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Navigating regulatory risk
The role of regulatory liaison office
Over the last five years, as new laws, regulations, and other guidance were introduced, banking and securities firms recognized the need for more visible and strategic management of their complex regulatory relationships. As more and more questions continued to flow from regulatory agencies, it became clear that the current methods of regulatory response may not have been as efficient and proactive as possible. In response, some firms created a Regulatory Liaison (RL) position (sometimes referred to as Regulatory Affairs Officer, Head of Regulatory Relations, etc.), which combined a sound understanding of the organization’s business with an appreciation for the regulatory agencies’ supervisory processes.
Role of a RLO
What is the role of a RLO and its leadership?
The organization’s RL should act on behalf of executive management and the board of directors as a central point of contact with regulators. As such, he or she should consider serving as an effective and trusted liaison for regulatory risk management matters. Policies should clearly articulate the RLO’s process for engaging with the organization’s regulators, so that there is coordination with other executive leaders as situations warrant.
Structure and leader requirements
RLO structure and leader requirements
Typically, the RLO usually reports to either the Chief Risk Officer (CRO) or to the Chief Compliance Officer (CCO). In some cases, however, it reports to another comparable function within the C-suite, such as the COO or CAO, or a regional management office in the case of foreign banks. Like any other risk control organization, the RLO is a department comprised of staff to execute both its tactical and strategic responsibilities. The RLO leader should be a senior executive with the organizational reporting stature with experience to be credible and effective in dealing with executive management and the board, as well as with regulators.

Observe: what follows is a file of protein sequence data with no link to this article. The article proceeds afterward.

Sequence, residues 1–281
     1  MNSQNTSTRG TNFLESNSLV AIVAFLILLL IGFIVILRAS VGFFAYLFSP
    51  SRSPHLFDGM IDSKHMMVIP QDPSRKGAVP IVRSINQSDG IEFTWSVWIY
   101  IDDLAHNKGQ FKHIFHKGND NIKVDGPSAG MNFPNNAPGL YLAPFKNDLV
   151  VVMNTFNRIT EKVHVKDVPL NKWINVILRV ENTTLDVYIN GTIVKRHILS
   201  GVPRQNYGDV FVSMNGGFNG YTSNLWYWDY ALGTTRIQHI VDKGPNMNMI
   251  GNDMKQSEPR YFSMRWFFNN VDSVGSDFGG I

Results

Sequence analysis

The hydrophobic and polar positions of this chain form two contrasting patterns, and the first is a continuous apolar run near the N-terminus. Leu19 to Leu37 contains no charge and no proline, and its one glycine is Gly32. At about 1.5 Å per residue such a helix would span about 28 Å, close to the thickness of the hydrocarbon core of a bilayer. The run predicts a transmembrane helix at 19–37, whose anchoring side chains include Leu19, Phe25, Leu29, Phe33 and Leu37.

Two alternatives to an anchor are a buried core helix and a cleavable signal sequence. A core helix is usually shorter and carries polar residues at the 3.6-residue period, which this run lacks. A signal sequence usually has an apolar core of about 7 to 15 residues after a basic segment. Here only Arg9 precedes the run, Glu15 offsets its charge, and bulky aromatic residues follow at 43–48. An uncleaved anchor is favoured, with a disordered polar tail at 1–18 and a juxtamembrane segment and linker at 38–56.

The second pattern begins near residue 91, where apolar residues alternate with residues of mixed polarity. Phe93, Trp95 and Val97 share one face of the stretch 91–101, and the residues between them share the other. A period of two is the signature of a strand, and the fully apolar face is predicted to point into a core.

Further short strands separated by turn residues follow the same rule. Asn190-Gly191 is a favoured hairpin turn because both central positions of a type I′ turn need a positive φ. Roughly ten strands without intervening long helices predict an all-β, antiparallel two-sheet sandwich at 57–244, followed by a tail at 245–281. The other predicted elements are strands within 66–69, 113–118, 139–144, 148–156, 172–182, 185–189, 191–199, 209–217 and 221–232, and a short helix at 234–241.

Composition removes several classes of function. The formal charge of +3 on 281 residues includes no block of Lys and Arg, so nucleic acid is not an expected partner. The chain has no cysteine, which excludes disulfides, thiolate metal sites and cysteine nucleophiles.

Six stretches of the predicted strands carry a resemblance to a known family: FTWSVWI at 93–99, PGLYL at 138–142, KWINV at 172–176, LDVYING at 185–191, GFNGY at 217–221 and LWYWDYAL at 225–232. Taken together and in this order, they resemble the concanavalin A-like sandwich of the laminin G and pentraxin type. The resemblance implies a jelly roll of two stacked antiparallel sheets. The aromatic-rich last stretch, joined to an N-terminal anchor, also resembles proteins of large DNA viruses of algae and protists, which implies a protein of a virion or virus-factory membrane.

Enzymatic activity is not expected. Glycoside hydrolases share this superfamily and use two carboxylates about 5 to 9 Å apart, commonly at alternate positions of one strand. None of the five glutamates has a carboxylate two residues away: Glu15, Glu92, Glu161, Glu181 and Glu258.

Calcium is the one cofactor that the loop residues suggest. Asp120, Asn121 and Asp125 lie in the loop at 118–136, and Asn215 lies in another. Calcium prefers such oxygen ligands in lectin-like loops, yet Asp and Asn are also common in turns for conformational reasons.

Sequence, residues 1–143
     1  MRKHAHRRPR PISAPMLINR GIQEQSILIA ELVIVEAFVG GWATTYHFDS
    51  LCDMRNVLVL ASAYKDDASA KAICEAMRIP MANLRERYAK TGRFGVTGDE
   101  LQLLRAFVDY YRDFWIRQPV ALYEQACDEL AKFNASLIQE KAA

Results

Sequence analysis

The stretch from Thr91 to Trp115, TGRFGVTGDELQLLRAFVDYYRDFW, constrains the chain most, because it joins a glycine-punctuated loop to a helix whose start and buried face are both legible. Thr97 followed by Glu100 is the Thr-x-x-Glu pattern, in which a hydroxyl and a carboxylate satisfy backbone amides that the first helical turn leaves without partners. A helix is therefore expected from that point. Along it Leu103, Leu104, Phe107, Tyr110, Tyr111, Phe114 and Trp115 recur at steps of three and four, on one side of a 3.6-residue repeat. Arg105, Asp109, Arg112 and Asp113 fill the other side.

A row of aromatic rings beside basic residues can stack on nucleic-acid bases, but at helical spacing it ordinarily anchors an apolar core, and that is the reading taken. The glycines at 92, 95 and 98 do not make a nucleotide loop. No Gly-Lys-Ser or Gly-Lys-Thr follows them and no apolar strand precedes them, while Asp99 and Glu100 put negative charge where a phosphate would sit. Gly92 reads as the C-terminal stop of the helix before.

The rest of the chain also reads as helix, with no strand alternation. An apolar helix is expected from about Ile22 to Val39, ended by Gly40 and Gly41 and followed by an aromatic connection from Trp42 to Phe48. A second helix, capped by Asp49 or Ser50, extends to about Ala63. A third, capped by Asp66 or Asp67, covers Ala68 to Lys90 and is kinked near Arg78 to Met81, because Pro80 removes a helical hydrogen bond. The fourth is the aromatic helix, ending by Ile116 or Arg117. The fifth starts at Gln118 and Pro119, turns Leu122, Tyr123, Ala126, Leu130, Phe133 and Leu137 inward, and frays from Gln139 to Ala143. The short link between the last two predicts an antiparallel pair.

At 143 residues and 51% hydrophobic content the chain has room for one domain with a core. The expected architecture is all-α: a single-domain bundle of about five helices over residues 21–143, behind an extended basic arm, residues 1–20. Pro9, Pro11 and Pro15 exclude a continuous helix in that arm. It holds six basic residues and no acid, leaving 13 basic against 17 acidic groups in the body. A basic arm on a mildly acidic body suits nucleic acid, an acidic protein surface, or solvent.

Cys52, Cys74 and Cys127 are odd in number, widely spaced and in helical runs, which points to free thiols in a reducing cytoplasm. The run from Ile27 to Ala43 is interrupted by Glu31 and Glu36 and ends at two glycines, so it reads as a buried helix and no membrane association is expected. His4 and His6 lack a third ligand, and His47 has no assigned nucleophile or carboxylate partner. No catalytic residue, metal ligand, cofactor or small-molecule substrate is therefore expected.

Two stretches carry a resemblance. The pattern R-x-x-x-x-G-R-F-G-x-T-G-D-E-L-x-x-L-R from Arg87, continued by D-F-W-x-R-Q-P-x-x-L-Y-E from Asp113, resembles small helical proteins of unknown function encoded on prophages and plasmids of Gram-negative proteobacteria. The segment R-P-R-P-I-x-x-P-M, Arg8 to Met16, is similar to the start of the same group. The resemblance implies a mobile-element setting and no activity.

Central to the RL and their RLO's strategic approach is the ability to advise the organization on how current proposed business activities will be affected by shifts in the regulatory landscape. The RLO needs to understand the expectations from their regulators as to how the organization can mitigate the inherent risk. The RLO should be able to anticipate regulatory challenges based on the organization's strategy and risk appetite.
A well-staffed, focused, and highly regarded RLO with the proper executive leadership can be an effective way for an organization to manage regulatory concerns and speak with a single voice to regulators who oversee an organization's operations. Download the report to explore more about the regulatory liaison office.